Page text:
People who experience generalized anxiety disorder may seek respite from their symptoms through the use of anti-anxiety drugs. Four different types of drugs are commonly prescribed to help ease anxiety: benzodiazepines, antidepressants, buspirone and beta blockers.
Each of these drugs has advantages and disadvantages that patients and their physician must weigh before deciding what course of action to take.
The potential for addiction is of great concern to many who are considering using anti-anxiety medications. This is a legitimate cause for apprehension, as some drugs associated with easing anxiety are, indeed, highly addictive. Doctors may be loathe to prescribe benzodiazepines for this very reason. With continued long term use, benzodiazepines have been shown to cause physical dependence, along with the typical drug seeking behaviors associated with addiction.
The longer the patient takes benzodiazepines, the less effect the drugs have. The American Academy of Family Physicians warns that due to the tendency of patients to develop a tolerance to these drugs, after four to six months of use, they lose their effectiveness.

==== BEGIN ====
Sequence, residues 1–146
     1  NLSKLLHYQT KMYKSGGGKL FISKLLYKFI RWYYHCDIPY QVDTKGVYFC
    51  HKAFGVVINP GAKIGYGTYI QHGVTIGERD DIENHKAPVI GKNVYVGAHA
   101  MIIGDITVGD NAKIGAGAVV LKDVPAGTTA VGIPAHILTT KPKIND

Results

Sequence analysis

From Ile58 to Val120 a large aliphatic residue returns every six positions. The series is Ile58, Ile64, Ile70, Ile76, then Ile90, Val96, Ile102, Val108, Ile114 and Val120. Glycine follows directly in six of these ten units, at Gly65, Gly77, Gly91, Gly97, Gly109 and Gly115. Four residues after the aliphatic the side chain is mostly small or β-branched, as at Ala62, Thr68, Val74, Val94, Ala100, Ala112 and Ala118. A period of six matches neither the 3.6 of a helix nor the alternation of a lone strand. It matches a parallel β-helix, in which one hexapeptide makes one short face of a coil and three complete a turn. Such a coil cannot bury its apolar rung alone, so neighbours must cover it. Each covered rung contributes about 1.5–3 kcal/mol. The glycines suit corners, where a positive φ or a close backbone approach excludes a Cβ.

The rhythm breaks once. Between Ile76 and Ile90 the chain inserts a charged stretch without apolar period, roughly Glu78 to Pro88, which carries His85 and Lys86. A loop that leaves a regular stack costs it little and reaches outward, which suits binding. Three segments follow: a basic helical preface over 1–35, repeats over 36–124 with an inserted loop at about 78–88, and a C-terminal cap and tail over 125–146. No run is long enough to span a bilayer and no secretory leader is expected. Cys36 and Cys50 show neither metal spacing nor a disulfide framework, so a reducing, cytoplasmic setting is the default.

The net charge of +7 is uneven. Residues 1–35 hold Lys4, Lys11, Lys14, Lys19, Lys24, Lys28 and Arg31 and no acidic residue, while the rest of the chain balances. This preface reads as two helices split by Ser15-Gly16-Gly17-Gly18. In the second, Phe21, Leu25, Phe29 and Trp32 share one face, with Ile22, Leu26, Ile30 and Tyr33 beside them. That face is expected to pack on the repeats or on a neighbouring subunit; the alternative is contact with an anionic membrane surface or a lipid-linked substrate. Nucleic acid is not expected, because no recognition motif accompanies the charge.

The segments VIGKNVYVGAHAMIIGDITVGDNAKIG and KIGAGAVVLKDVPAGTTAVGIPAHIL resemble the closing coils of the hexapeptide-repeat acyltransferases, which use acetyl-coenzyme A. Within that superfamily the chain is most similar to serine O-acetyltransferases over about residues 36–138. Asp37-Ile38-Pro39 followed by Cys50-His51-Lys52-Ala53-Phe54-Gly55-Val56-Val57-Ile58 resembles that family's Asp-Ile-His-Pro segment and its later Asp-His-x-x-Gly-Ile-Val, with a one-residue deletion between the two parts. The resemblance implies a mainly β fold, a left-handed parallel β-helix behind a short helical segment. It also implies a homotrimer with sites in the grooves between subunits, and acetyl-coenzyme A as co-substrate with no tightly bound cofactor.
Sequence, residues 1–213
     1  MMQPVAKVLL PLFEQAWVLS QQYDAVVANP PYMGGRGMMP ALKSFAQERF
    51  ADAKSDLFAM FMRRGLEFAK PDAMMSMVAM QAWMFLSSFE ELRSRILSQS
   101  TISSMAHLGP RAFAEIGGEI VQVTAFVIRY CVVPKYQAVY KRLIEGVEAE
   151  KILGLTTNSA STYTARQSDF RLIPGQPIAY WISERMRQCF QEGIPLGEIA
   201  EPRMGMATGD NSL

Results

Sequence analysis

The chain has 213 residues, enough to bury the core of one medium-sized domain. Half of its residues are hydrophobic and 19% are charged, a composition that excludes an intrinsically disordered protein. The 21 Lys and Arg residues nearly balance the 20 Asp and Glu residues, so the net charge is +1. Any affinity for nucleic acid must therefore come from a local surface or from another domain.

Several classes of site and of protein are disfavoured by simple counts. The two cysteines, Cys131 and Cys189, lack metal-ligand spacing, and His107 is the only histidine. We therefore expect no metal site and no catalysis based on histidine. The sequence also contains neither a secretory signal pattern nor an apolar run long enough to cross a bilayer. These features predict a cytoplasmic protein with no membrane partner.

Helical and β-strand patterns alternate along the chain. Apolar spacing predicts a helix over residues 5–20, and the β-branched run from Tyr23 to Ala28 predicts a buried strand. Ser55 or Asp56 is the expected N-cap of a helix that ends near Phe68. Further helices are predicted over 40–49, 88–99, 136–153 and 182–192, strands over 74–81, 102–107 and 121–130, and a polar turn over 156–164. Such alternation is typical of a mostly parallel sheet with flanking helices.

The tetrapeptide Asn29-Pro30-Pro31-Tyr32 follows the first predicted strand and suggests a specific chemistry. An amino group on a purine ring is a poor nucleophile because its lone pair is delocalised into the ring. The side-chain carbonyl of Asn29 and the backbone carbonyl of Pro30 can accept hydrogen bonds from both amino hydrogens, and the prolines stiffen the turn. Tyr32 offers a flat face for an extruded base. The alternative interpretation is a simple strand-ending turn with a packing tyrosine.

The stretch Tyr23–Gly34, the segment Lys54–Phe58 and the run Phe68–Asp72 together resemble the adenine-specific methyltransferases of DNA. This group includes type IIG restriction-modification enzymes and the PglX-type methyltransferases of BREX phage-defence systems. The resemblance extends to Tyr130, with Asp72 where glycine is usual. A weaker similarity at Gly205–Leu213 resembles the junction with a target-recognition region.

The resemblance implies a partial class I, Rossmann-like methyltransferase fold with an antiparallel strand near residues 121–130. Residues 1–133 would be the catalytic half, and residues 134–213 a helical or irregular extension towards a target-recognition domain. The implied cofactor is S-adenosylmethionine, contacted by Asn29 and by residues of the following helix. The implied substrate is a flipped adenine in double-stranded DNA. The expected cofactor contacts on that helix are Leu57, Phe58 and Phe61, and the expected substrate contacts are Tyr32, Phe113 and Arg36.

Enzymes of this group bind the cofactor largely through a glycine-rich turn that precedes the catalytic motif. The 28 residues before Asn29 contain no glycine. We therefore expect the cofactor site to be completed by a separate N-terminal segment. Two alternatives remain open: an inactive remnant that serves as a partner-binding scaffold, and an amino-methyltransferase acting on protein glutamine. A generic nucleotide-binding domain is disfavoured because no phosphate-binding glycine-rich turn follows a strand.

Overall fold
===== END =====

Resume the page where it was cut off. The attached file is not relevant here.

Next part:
The inability to perform sexually may itself cause anxiety for some patients, thus the tendency for anti-anxiety drugs to cause sexual dysfunction can outweigh their desirability as a treatment for anxiety.
Selective serotonin reuptake inhibitors, or SSRIs, are antidepressant drugs often prescribed in the treatment of anxiety. Examples of SSRIs include Paxil, Zoloft and Prozac. These drugs have been associated with sexual side effects such as low sex drive, impotence and difficulty in achieving orgasm.
Beta blockers are also sometimes used as anti-anxiety medication. In an article on the website Helpguide.org, Melinda Smith, M.A., and Jeanne Segal, Ph.D., warn that beta blockers can cause a decrease in sex drive.
Patients taking benzodiazepines can experience drowsiness, slurred speech and slow reflexes. These symptoms can occur to such an extent that benzodiazepine use increases the likelihood of traffic accidents, warn Smith and Segal.
Oversedation, to the point where the patient appears drunk and experiences a drug hangover the next day, is a possibility with benzodiazepines. Due to their slow rate of metabolism, these drugs have a tendency to accumulate in the body when used for prolonged periods.
Other anti-anxiety medications, such as beta blockers and buspirone, an anxiety relieving drug that is marketed under the name BuSpar, have also been linked to symptoms of drowsiness and fatigue.